"But you will be dead much sooner than I, my lord." The thief's voice was surprisingly light, even though he was obviously trying to mask it, but Roland passed that off as a quirk of his youth, when voices were unpredictable things.
The dagger blade turned delicately against his skin. Youth or no, he obviously knew just what to do with the knife to create the most excruciating pain. Roland felt the warm trickle of blood slipping down his neck.
"What matter is it to me if I die?" the boy asked. "You will go first. I can ensure that you will go most painfully first."
"You don't want to die, Alister." Roland could see the use of the boy's proper name had startled him. The tip of the dagger shifted against his throat; a short dart of deeper pain jabbed through him. Roland ignored it. He kept his tone calm and reasonable. "You can't afford to die. Not yet. I still have something you want."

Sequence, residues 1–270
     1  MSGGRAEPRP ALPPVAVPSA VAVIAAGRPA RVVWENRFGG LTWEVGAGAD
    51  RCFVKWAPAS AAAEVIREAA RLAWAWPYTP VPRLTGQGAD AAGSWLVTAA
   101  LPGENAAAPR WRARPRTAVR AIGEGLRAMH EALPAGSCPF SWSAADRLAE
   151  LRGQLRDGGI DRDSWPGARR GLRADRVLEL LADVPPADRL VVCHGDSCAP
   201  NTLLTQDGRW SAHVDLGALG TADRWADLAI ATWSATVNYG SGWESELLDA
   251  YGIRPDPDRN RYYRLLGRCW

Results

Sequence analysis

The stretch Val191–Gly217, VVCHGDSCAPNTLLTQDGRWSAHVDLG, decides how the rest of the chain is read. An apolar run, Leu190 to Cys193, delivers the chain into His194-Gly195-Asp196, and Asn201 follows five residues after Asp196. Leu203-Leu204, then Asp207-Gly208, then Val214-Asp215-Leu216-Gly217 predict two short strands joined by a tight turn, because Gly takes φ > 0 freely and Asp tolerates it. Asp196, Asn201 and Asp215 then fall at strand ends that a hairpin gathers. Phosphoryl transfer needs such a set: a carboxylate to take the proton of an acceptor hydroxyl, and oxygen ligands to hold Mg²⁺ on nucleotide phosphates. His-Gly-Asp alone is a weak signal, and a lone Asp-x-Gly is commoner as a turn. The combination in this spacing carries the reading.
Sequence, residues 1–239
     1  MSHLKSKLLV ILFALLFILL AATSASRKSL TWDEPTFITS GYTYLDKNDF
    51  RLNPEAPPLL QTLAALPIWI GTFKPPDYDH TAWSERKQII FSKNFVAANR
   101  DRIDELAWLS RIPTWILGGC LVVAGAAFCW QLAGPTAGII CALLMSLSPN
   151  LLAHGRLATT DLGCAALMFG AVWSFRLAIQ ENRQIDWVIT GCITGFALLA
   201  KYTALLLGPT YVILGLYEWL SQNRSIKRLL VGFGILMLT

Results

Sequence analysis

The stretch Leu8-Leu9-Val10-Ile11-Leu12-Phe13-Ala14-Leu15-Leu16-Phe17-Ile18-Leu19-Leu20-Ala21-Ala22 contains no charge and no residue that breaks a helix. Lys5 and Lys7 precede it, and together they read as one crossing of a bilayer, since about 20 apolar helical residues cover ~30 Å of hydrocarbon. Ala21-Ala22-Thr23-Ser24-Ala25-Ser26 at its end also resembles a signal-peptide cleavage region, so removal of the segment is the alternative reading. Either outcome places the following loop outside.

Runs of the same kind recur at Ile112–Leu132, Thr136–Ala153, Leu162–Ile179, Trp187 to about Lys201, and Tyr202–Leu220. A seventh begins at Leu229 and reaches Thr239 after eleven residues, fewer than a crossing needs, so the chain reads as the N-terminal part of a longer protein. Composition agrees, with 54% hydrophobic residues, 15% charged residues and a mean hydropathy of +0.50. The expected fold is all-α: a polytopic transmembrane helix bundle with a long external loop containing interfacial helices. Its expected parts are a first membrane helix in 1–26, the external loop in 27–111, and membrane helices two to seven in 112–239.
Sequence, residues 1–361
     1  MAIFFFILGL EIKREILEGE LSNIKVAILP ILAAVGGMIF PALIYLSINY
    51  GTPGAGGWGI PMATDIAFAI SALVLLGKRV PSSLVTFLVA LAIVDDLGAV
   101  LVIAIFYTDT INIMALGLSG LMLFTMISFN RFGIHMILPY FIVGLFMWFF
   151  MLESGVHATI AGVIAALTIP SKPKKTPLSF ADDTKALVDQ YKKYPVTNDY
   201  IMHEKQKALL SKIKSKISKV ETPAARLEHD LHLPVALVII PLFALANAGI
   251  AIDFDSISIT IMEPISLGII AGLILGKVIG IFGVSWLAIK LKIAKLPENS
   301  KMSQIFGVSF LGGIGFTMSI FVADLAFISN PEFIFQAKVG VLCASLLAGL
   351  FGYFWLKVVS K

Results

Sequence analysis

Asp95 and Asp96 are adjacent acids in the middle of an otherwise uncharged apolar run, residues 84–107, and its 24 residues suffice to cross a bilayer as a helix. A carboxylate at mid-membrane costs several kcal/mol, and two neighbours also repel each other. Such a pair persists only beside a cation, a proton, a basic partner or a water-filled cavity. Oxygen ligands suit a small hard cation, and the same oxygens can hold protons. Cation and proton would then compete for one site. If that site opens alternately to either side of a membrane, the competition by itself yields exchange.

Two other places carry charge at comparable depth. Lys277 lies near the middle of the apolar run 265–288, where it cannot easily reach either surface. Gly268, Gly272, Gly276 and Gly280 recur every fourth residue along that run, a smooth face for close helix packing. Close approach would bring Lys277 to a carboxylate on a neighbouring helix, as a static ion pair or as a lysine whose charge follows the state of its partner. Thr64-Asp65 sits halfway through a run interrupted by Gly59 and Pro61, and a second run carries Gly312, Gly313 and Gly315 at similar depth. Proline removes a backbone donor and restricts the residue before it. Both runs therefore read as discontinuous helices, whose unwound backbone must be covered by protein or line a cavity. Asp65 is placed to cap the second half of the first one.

But now the boy was in greater control of his emotions and did not spare even a flicker of a glance for the table with the box on it. Roland focused on the eyes staring at him through the black, meshed mask, and caught a chill of emotion there, a frigid thing so deep it seemed to burn him to the core.
My God, he thought suddenly, he's serious. He wants to kill me.
And that, of course, made him smile, because there was his damnable sense of humor again, always coming to the fore when he least needed it to. After everything he had managed to live through, to be killed by this slip of a boy with a grudge, it was too ironic. He turned the smile into a placating tone.
"Don't you want it, Alister? Don't you want the letter that would save your father?"